Apr. 21st, 2011


Despite the touted youth of the author, Tea Obreht, this feels like an old-fashioned kind of novel, where surroundings always get carefully described. (Balzac never missed any chance to tell you what a room smells like either.)

The war - the end and the start:
  • Zóra and I were there to sanitize children orphaned by our own soldiers.
  • the stick man holding crudely drawn skis on a mountain resort we had loved that was no longer a part of our country
  • a new nightclub in Brac
  • The place looked leftover, but not defeated.
  • Blue china that was chipped, but lovingly wiped down after probably spending years in a basement, hidden from looters.
  • the kind of celebration that happens when people, without acknowledging it, stand together on the brink of disaster
  • Those first sixteen months of wartime held almost no reality, and this made them incredible, irresistible, because the fact that something terrible was happening elsewhere, and at the same time to us, gave us room to get away with anarchy.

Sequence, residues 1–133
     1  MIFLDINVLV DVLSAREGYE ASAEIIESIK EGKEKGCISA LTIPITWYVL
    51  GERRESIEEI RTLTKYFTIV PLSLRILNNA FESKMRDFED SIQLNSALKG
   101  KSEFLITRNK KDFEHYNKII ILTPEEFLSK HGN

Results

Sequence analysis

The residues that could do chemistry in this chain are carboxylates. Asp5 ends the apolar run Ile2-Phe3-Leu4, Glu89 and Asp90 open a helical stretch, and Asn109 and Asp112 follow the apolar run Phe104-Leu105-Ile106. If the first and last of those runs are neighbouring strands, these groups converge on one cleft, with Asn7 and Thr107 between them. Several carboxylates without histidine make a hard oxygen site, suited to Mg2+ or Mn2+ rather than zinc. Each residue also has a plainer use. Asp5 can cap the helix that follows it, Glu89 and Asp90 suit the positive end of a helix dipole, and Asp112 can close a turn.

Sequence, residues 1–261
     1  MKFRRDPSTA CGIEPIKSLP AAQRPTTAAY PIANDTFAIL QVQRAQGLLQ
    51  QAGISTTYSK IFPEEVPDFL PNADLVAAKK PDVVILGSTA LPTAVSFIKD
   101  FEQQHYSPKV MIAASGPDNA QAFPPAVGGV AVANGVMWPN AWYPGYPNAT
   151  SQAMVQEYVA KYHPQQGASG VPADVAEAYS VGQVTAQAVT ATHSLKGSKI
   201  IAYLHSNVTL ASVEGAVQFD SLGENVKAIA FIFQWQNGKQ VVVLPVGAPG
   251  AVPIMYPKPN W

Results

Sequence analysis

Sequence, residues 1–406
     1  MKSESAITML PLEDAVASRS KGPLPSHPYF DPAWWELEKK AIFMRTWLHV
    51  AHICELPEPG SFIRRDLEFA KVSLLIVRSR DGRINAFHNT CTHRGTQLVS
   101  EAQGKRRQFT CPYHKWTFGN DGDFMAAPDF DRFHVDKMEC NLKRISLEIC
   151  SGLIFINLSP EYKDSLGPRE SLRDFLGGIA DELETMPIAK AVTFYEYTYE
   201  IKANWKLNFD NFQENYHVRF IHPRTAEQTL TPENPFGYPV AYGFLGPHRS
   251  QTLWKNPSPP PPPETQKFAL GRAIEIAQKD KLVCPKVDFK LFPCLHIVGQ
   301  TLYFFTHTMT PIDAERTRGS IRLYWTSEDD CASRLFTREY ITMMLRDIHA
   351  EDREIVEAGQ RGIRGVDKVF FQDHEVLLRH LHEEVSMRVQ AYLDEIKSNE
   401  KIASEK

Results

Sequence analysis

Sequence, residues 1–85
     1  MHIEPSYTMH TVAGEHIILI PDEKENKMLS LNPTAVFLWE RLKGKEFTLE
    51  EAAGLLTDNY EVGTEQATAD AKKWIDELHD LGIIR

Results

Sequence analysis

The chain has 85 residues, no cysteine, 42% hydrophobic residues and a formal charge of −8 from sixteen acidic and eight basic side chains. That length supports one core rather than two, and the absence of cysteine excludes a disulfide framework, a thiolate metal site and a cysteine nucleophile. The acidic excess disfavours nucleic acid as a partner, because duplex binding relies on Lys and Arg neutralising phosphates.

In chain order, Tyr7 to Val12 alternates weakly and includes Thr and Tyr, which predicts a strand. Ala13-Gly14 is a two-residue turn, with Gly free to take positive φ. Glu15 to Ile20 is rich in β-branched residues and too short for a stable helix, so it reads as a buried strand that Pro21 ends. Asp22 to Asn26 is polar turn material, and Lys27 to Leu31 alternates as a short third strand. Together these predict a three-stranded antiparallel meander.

• Our pig fetuses were being held hostage in a lab somewhere across the ever-shifting border.
  • ... his stash, alphabetized, the lyrics mistranslated and handwritten on notepaper that had been carefully folded and stuffed into the tape boxes.
  • ... established doctors. Apparently, my grandfather was not the only one with ties to the old system, to the provinces, to families there. Doctors above the age of fifty, suspected of having loyalist feelings toward the unified state.

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